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Peter Lukacs vs Walter Becker
"Black and Becker" (game of the day Sep-30-2013)
BL2-N 9798 (1998), Germany, rd 9
Budapest Defense: Fajarowicz Variation (A51)  ·  0-1



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Kibitzer's Corner
Premium Chessgames Member
  Everett: A nice scalp for black here in the ever-sharp Budapest Gambit.
Feb-26-10  pskogli: A really weak game from a GM.
Premium Chessgames Member
  FSR: I will never understand the Fajarowicz Gambit as long as I live. In CG's database, it actually scores better than 3...Ng4.
Apr-05-11  DanielBryant: FSR, for what it's worth, I feel more comfortable with the Englund Gambit than the Fajarowicz, and that's not saying much.
Sep-30-13  offramp: The 15...Bd2+ tic-tac is really clever.
Sep-30-13  sofouuk: 4.a3 is the correct response - maybe the last good move white played tho :)
Premium Chessgames Member
  Phony Benoni: 15...Bd2+ is a very nice shot. Seeing the queen as the firing piece in a discovered attack can be hard to foresee.

<FSR> I take it the apparent success of the Fajarowicz is probably due to the Simul Effect. If you tablulated all the the simul results in the databse, the Masters' winning percentage would be well below reality.

This is because more simul wins against Masters get published and preserved than simul wins by Masters. Same with the Fajarowicz and many other opening lines with dubious reputations but high winning percentages.

Sep-30-13  Kikoman: position after 17...c5

click for larger view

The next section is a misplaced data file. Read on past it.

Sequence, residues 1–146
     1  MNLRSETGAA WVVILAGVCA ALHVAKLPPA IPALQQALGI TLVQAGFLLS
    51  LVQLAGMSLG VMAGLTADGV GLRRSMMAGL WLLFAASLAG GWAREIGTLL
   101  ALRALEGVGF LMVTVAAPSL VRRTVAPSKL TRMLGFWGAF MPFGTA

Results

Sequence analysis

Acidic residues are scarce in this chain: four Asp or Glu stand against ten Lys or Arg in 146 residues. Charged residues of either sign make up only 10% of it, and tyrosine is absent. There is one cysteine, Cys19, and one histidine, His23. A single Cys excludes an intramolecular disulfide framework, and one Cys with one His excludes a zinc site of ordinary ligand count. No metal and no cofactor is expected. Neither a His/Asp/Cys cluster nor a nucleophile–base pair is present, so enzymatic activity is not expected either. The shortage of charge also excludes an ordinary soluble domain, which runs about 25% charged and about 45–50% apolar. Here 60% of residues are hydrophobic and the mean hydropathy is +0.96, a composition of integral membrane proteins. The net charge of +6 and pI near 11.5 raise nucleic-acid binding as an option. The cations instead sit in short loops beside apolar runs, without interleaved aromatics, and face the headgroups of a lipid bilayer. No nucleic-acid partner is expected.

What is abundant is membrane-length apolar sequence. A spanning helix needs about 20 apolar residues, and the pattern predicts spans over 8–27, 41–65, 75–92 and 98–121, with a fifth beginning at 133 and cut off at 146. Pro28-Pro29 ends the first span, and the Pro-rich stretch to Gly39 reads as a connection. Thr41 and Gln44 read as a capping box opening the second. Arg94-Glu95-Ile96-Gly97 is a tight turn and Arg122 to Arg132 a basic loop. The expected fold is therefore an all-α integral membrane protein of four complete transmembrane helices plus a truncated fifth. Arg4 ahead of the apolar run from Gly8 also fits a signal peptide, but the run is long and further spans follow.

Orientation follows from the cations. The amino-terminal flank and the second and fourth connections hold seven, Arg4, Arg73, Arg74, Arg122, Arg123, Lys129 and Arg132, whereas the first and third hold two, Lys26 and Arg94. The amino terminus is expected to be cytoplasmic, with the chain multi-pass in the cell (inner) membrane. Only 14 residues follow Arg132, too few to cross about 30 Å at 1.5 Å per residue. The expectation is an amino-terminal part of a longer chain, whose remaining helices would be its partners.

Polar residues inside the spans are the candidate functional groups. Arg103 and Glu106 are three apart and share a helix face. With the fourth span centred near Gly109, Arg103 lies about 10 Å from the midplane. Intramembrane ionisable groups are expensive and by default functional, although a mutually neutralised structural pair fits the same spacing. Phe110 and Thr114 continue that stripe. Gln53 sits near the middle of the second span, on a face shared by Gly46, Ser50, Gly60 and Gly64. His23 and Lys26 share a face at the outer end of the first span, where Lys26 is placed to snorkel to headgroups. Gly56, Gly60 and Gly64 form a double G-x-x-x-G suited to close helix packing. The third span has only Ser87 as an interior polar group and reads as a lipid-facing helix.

The move 15...Bd2!! is crushing! whether White takes the bishop or not, he can't save his own Queen.

Sep-30-13  erimiro1: Walter Becker of Steely Dan? Well - Do it again! I also don't get the Budapest gambit, and its cousin, the Albin counter gambit. True, in both cases white is in difficulties of developing his kingside, and the C4 pawn is misplaced. But practicly when I tried it for few times, I couldn't use it as black, and after few moves white players arranged their forces and got better positions.
Premium Chessgames Member
  Once: I suppose the attraction of an opening like this is that white has to play accurately to avoid falling into some nasty tactic.

If white can develop smoothly he ought to win, Black's job is to keep piling on the threats to make it difficult for white to develop.

Fritz reckons that the losing move came after 12...Bxf3

click for larger view

Now Fritzie says that the only move to keep white in the game is 13. gxf3. This allows white to meet 13...Bh6 with e3 to block access to the land-mined d2 square.

But I would contend that this is not so easy to see OTB. And that is probably the attraction of the opening. Black found himself playing someone graded far more than himself. So he played a tricksy opening with the idea of setting traps.

Incidentally, black is following the advice in Simon Webb's "Chess for Tigers" about how to play against heffalumps:

1. don't avoid playing a gambit if you know it
2. play actively
3. randomise
4. don't swap everything off
5. be brave!

Sep-30-13  Abdel Irada: I think the culprit was likely 10. b4??

This move makes very little sense. If you're trying to hold a gambit pawn, solid development is logical, not ill-conceived "aggression."

Is there anything wrong with the forthright 10. Bf4? Either this, or White should look at a judicious way to return the pawn.

I can't help suspecting that Lukacs looked at the 245-point rating difference and underestimated Becker. But if so, 2275 is *not* weak, and Lukacs paid dearly for his presumption.

Sep-30-13  morfishine: As far as this play on words or "pun" goes, I don't see the connection between a company that makes hand-held power tools & chess

Unless the inference was White got drilled


Sep-30-13  ossipossi: <10...0-0-0->: d1 so weak after only ten moves!
Premium Chessgames Member
  kevin86: The poor queen can't stay where she is and cannot find a place to move.